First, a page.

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Contemporary Challenges: Questions of Nationalism and Multicultural Acceptance in Europe

By: Mia Schatz In Oslo, Norway on July 22, 2011, Anders Breivik detonated a car bomb near a cluster of government buildings, killing 8 people and wounding 209. He then continued on to a Labour Party youth camp, dressed as a police officer, where he shot and murdered 69 people and wounded another 33, all in the name of Norwegian nationalism. Breivik took responsibility for the atrocities the next day saying, “the Labour Party has failed the country and the people, and the price of their treason is what they had to pay.”[1]

The “treason” Breivik is referring to is the Norwegian Labour Party’s embrace of multiculturalism. Monday, April 16 marked the first day of Breivik’s trial, at which he offered a plea of “not guilty.” Although he does not deny his responsibility for the killings, he argues that he was acting in self-defense against the “ethnic cleansing” of Norwegian culture that he considers to be fueled by the promotion of a multicultural society.[2]

Although Breivik’s barbarous massacre is an extreme demonstration by any measure, his strong opposition to multiculturalism is not a unique sentiment in Europe. Breivik’s argument that the acceptance and incorporation of “foreign” cultures threatens national identity raises the complicated topic of nationalism. On February 5, 2011, the United Kingdom’s Prime Minister David Cameron gave a speech at the Munich Security Conference suggesting that state multiculturalism unintentionally effected a deleterious outcome on “Britishness” in that it

“…encouraged different cultures to live separate lives, apart from each other and apart from the mainstream.  We’ve failed to provide a vision of society to which they feel they want to belong. We’ve even tolerated these segregated communities behaving in ways that run completely counter to our values.”[3]

PM Cameron’s assertion is that multiculturalism facilitated, in a sense, the weakening and the peripheralization of the UK’s national identity by encouraging tolerant yet separate communities throughout the country. His claim implies that multiculturalism would succeed were these different cultures to find equal footing, as it were, through a sense of national commonality. Discussions of nationalism face complications, however, in that nationalism itself isn’t a tangible reality, but a psychological construct. The core principle of multiculturalism insinuates that people with varying value structures inhabit the actual physical geographic entities of all nations—not least, the UK and Norway. So, when Cameron offers up loaded phrases like “our values” in discussions of nationalism, it begs the question: can a homogeneous nationalism exist alongside a multicultural society based not on tolerance, but acceptance? The violent endeavors of Anders Breivik suggest the answer is an unequivocal no and, therefore, derails Cameron’s theory.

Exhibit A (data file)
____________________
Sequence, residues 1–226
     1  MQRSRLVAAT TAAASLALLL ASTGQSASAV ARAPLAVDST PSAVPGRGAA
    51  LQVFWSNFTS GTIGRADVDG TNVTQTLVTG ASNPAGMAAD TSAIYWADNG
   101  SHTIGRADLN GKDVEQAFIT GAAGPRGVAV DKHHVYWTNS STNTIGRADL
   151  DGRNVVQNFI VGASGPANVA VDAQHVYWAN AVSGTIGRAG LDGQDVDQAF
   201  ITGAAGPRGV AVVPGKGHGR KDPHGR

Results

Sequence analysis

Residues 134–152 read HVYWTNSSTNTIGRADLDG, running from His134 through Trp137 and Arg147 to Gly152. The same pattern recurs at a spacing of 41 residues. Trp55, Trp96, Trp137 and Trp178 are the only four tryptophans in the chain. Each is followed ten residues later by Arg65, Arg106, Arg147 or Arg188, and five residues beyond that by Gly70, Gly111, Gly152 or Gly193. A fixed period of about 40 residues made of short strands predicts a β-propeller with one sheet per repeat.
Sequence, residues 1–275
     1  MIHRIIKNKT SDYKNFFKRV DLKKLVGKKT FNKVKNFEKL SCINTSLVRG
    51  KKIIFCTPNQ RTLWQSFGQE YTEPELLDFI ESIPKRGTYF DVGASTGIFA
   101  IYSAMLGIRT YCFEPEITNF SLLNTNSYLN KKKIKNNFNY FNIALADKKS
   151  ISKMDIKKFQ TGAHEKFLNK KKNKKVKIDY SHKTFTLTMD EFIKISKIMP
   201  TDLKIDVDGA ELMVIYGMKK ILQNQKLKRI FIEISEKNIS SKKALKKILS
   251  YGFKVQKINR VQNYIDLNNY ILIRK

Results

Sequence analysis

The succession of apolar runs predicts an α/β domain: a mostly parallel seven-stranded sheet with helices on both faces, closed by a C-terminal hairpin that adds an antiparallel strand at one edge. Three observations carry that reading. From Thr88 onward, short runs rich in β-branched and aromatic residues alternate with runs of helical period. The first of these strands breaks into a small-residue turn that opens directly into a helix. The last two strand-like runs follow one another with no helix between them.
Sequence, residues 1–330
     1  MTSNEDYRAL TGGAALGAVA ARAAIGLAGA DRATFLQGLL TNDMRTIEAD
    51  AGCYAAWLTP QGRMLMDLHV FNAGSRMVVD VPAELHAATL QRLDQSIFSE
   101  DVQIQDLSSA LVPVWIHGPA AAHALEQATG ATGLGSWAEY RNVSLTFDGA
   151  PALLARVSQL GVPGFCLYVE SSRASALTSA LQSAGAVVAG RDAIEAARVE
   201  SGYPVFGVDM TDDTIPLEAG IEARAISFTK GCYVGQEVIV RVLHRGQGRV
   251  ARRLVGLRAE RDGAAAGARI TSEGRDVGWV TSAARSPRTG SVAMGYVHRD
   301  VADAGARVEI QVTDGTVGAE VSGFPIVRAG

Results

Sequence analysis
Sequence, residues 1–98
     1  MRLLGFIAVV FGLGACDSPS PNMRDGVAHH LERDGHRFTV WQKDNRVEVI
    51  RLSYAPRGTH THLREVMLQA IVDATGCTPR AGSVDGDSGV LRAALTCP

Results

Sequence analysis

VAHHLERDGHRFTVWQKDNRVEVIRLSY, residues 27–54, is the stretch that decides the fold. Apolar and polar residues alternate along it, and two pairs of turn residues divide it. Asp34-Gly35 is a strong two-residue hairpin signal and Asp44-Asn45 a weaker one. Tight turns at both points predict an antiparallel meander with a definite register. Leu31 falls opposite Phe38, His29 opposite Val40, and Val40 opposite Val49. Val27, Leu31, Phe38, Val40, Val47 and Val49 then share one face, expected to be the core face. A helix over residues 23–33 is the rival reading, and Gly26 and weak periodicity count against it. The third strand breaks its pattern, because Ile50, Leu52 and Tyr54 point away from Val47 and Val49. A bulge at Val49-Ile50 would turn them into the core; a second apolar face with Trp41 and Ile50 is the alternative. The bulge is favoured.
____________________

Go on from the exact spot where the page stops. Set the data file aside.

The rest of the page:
The trouble with Cameron’s contention is a contradiction in terms. Herein lies the problem: if, as Cameron proposes, the state advocates a strong nationalism, one must ask, “who makes up the ‘nation’?” For someone like Anders Breivik, his national identity is derived from “pure” Norwegians whom were born in Norway and adhere to Norwegian norms—for example, Christian religion. Breivik blames the Norwegian Labour Party for the acceptance of multiculturalism. His national extremism leads him to believe that the Labour Party promotion of multiculturalism facilitates the deterioration of Norwegian culture. He further expressed his disgust with the party’s treasonous “mass importing of Muslims” saying, “Any person with a conscience cannot allow its country to be colonized by Muslims.”[4] Clearly, Breivik’s perception of nationalism creates a very narrow construct that would exclude a significant portion of the Norwegian population.

Due to today’s technological advances, the distribution of information is far more efficient than had hitherto been possible, amplifying the chance to engage in cross-cultural exchange. Although Breivik carried out the attacks alone, he found support on the Internet through the ideals professed by other far-right parties—particularly those in Britain.[5] The Internet occasions wonderful opportunities for cultural growth and understanding, but it also ensures that issues of multiculturalism and nationalism will not subside anytime in the near future.


[1] "Judge: Accused Claims Attacks Done 'to save Norway'" BBC News. BBC, 25 July 2011. Web. 14 Apr. 2012. <http://www.bbc.co.uk/news/world-europe-14278231>.

[2] Bevanger, Lars. "Anders Breivik Pleads Not Guilty at Norway Murder Trial." BBC News. BBC, 16 Apr. 2012. Web. 16 Apr. 2012. <http://www.bbc.co.uk/news/world-europe-17724535>.

[3] "Number 10 Downing Street." PM’s Speech at Munich Security Conference. Web. 20 Apr. 2012. <http://www.number10.gov.uk/news/pms-speech-at-munich-security-conference/>.

[4] "Judge: Accused Claims Attacks Done 'to save Norway'" BBC News. BBC, 25 July 2011. Web. 14 Apr. 2012. <http://www.bbc.co.uk/news/world-europe-14278231>.

[5] BBC News. BBC, 25 July 2011. Web. 21 Apr. 2012. <http://news.bbc.co.uk/today/hi/today/newsid_9547000/9547585.stm>.

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